We've made some changes to EPA.gov. If the information you are looking for is not here, you may be able to find it on the EPA Web Archive or the January 19, 2017 Web Snapshot.

News Releases from Region 09

U.S. EPA Requires Guardian Industries Corp. to Cut Harmful Air Pollution at Glass Manufacturing Plants in Seven States

Contact Information: 
Nahal Mogharabi (Mogharabi.nahal@epa.gov)

LOS ANGELES--The U.S. Environmental Protection Agency and the U.S. Department of Justice today announced a settlement with Guardian Industries Corp. that will resolve a Clean Air Act enforcement action involving Guardian's flat glass manufacturing facilities throughout the United States.

Under the proposed settlement, Guardian will make an investment of more than $70 million to install air pollution control equipment so that at all of its facilities will have the proper controls to reduce emissions of nitrogen oxide (NOX), sulfur dioxide (SO2), particulate matter (PM) and sulfuric acid mist (H2SO4). Guardian has also agreed to pay a civil penalty of $312,000.

In addition, Guardian will fund an environmental mitigation project valued at $150,000 to reduce particulate matter pollution in the San Joaquin Valley in California. This special project with the San Joaquin Air Pollution Control District will provide incentives to low-income residents living in the San Joaquin Valley to replace or retrofit inefficient, higher-polluting wood-burning stoves and fireplaces with cleaner-burning, more energy-efficient appliances.

"Residents of the San Joaquin Valley are faced with some of the worst air pollution in the country," said Jared Blumenfeld, EPA's Regional Administrator for the Pacific Southwest. "This settlement will help the Valley by replacing wood burning appliances with cleaner-burning ones, and by reducing fine particulate emissions from the company's Kingsburg plant."

The Kingsburg facility, located 20 miles southeast of Fresno in the San Joaquin Valley, has been operating with advanced air pollution controls since 2008. Under today's settlement, the Kingsburg facility will optimize the performance of its NOx controls and comply with stricter permit limits to further reduce emissions. EPA estimates that the work completed under today's settlement will result in approximately 35,000 pounds of NOx reductions annually in the San Joaquin Valley.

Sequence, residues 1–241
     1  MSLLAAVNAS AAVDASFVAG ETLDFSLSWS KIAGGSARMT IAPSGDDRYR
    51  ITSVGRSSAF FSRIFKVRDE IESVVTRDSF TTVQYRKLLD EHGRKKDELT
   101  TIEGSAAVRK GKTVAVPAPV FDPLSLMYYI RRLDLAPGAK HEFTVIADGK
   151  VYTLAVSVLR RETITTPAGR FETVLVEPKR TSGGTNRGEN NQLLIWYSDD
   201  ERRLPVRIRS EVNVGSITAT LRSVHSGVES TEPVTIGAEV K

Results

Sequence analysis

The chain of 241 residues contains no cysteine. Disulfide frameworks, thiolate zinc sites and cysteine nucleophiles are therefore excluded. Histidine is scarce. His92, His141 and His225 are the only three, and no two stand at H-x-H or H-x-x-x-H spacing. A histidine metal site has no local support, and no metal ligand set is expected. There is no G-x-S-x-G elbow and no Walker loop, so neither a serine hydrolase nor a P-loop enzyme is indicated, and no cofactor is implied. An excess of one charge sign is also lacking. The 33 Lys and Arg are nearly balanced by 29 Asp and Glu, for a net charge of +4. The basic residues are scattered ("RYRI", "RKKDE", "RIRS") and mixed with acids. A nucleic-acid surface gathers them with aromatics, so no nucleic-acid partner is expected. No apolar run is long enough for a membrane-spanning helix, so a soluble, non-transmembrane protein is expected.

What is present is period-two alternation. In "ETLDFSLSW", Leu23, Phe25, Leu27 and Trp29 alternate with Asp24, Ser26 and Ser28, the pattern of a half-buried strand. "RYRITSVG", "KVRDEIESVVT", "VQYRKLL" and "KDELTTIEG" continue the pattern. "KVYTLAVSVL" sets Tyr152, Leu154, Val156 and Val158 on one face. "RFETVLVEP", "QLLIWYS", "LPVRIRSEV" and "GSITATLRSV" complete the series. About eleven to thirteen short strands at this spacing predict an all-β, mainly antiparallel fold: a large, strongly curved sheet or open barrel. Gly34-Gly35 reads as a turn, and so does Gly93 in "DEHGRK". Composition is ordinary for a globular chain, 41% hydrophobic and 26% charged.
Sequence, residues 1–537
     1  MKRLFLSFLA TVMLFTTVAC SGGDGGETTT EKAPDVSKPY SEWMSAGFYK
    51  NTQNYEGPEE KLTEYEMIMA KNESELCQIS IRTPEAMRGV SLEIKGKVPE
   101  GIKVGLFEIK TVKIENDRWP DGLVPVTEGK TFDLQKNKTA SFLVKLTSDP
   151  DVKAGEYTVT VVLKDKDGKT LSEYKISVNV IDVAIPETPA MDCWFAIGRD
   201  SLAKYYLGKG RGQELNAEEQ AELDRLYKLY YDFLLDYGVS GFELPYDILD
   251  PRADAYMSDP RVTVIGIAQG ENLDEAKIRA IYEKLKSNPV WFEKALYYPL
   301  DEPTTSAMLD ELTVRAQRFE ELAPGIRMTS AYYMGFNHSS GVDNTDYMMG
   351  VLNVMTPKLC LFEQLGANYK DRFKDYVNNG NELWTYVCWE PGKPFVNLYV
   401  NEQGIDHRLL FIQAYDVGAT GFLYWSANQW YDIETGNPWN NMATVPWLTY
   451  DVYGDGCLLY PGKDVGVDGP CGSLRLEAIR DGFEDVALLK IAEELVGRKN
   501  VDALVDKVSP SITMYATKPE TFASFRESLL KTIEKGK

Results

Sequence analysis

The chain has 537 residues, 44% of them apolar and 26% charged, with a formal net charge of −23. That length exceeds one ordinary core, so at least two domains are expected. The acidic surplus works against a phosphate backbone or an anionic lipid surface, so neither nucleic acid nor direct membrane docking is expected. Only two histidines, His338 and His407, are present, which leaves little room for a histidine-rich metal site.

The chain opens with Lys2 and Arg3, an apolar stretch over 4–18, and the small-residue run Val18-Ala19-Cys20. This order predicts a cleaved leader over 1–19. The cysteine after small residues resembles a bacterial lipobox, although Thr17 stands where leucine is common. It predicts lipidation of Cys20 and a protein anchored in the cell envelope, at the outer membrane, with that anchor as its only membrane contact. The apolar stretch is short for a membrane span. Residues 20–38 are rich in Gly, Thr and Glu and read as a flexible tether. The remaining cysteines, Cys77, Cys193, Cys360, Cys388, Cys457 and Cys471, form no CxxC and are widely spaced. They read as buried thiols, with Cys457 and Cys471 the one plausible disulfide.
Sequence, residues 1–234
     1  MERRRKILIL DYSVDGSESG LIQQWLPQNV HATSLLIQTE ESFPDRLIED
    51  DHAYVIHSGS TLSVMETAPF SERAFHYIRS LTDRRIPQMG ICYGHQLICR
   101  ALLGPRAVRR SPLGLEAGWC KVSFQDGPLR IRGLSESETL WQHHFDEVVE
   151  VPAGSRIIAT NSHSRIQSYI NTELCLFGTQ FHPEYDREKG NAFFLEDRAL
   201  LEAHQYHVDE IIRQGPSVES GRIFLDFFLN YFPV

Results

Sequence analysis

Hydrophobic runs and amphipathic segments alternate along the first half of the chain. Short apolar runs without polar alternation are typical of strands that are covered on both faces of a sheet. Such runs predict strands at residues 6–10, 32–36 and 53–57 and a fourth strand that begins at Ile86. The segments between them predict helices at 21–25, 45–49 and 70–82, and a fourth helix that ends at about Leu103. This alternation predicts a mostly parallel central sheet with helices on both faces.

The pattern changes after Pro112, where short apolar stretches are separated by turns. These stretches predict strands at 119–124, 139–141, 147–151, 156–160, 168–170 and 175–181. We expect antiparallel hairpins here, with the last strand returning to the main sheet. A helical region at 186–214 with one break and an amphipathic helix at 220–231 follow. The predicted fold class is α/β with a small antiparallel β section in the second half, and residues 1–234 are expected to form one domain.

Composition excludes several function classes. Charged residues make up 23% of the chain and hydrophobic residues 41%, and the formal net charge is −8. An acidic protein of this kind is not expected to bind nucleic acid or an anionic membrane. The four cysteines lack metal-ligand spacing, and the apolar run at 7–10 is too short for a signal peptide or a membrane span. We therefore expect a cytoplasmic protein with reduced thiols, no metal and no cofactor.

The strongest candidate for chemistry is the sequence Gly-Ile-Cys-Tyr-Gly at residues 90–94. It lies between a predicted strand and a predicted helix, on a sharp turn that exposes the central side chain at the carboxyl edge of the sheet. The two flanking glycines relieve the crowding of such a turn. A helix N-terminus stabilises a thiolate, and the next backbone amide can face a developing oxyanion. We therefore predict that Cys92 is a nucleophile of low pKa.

EPA expects that the pollution controls required by the settlement will reduce harmful emissions nationwide by more than 7,300 tons per year, including more than 6,400 tons per year of NOx, more than 550 tons per year of SO2, more than 200 tons per year of PM and more than 140 tons of H2SO4.

"This settlement is a great example of a cooperative, company-wide effort to reduce air pollution and will mean cleaner air for communities across the country, where glass manufacturing is currently a significant source of the air pollutants that cause serious lung and heart problems," said Attorney General John C. Cruden for the Justice Department's Environment and Natural Resources Division. "We are also particularly grateful to the states of Iowa and New York, as well as the San Joaquin Valley Air Pollution Control District, all of whom were active partners in achieving this important outcome for the American people."

Today's settlement resolves allegations that Guardian violated the federal Clean Air Act and state air pollution control plans when it made unpermitted major modifications to its flat glass furnaces that significantly increased harmful air emissions. This settlement is part of EPA's ongoing National Enforcement Initiative addressing Clean Air Act New Source Review and Prevention of Significant Deterioration program violations, and is the agency's first settlement involving the flat glass manufacturing sector. Flat glass, also known as float glass, is used for windows in office buildings and homes, as well as for automobile windshields.

SO2 and NOX have numerous adverse effects on human health and are significant contributors to acid rain, smog, and haze. Once airborne, these pollutants can also convert into particulate matter. PM, especially the fine particles, can travel deep into a person's lungs causing severe respiratory impacts, such as coughing, decreased lung function, and chronic bronchitis. Fine PM is also associated with cardiovascular impacts and even premature death. H2SO4 irritates the skin, eyes, nose and throat and lungs, and exposure to high concentrations can lead to more severe health impacts.

The emissions reductions as a result of today's settlement will yield significant human health and environmental benefits for the communities in Kingsburg, Calif., DeWitt, Iowa, Carleton, Mich., Geneva, N.Y., Floreffe, Penn., Richburg, S.C., and Corsicana, Texas, where Guardian's manufacturing facilities are located.

The proposed consent decree was lodged today in United States District Court for the Eastern District of Michigan and is subject to a 30-day public comment period and final court approval.

For more information on the settlement or to read a copy of the consent decree, visit: http://www2.epa.gov/enforcement/guardian-industries-corp-clean-air-act-settlement

For more information on the San Joaquin Air Pollution Control District's Burn Cleaner Program, visit: http://valleyair.org/grants/burncleaner.htm